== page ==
(AP) MOSCOW – A Russian nuclear-powered submarine sank in the Barents Sea on Saturday morning as it was being towed to a scrapyard, killing at least two of the 10 sailors on board, the Defense Ministry said. The two nuclear reactors of the 40-year-old K-159 was shut down at the time of the sinking at about 4 a.m. about 3 1/2 miles northwest of Kildin Island, said the Navy’s deputy chief, Adm. Viktor Kravchenko. No weapons were aboard.
Rescue ships of the Northern Fleet reached the accident site within an hour in heavy rain. One sailor was rescued, the bodies of two dead crew members were found and the fate of seven others was unknown, the ministry said.
The water in the Barents Sea was about 50 degrees where the K-159 sank, meaning a person could survive about 45 minutes without protective gear, Navy spokesman Capt. Igor Dygalo told the ITAR-Tass news agency.
“It appears that no hope remains that any of the members of the crew are still alive,” the Interfax news agency quoted Kravchenko was quoted as saying about 13 hours after the sinking.
Kravchenko and Dygalo both said earlier the submarine’s twin nuclear reactors posed no danger to the environment.
The K-159, a November-class attack submarine, was decommissioned on July 16, 1989. It was being towed on four pontoons from its base in the town of Gremikha to a plant in Polarnye where workers were to unload the nuclear fuel and scrap the vessel.
The pontoons were torn off by the fierce storm, and the submarine sank in 560 feet of water, the ministry said.
The Kremlin press service said that Russian President Vladimir Putin, who was in Sardinia for meetings with Italian Prime Minister Silvio Berlusconi, had been informed of the sinking.
The sinking “testifies to how the sea demands discipline, it does not forgive any kind of blunder or mistake,” Putin said Saturday while conducting Berlusconi on a tour of a Russian missile cruiser anchored off Sardinia. “A thorough investigation will be conducted.”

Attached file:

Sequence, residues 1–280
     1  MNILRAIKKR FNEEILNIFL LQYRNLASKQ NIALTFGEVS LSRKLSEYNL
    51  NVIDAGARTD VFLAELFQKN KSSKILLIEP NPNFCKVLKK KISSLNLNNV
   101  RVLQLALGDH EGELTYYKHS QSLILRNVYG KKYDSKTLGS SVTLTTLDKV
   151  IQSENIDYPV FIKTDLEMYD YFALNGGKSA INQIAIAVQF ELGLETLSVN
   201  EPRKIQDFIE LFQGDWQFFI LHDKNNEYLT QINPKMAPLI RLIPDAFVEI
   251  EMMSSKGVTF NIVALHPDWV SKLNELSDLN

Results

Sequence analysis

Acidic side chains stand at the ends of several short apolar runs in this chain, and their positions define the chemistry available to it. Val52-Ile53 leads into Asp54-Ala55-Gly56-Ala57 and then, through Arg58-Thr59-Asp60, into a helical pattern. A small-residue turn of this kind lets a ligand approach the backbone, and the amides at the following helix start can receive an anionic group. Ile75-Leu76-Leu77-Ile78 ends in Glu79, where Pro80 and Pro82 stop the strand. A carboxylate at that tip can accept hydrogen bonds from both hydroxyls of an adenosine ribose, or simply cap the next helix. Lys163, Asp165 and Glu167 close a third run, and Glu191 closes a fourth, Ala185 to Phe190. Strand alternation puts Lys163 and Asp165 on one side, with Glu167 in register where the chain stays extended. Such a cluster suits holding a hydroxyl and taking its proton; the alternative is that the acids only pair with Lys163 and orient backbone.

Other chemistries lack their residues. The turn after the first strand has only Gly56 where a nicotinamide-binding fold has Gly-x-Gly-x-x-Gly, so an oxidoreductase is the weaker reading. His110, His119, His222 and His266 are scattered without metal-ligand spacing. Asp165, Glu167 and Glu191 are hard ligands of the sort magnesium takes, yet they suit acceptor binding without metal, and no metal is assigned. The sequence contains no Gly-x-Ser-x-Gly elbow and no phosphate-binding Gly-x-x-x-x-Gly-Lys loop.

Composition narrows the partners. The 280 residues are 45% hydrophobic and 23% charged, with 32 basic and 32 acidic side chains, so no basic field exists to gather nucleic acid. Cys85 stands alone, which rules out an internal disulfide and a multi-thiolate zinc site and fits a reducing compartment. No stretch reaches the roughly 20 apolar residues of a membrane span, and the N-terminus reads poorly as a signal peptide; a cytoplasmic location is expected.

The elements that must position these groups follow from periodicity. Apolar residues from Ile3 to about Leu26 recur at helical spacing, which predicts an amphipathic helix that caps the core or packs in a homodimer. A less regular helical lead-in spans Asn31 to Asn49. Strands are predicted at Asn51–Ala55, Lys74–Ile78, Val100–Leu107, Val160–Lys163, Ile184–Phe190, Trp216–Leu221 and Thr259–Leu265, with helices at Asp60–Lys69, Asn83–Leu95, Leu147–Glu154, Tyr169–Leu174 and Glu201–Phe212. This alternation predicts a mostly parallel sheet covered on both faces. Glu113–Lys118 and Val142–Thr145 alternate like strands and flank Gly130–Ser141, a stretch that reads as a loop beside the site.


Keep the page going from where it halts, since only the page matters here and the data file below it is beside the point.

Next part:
Russia’s last major submarine accident happened Aug. 12, 2000, when the Kursk sank while on maneuvers in the Barents Sea. All 118 men on board were killed, and the tragedy shed light on the troubles of the Russian navy in the post-Soviet era.
Russia has decommissioned about 189 nuclear-powered submarines over the past 15 years. However, officials say 126 of those are still are at docks with nuclear fuel in their reactors, prompting international concern about leaks and the possibility of nuclear materials being transferred to other nations or terrorists.
It will cost $3.9 billion to scrap all the subs, Russian officials say. Yet last year, the Russian government budgeted just $70 million for improving nuclear safety in the country as a whole.
Submarines of the November class, the first generation of Russian nuclear subs, entered service between 1958-1963, according to Jane’s Fighting Ships. They carried 104 crew members, and the K-159 was designed to carry low-yield nuclear torpedoes.
A submarine of the same type, the K-8, caught fire and sank in April 1970 in the Bay of Biscay north of Spain while returning from naval maneuvers, killing 52 people.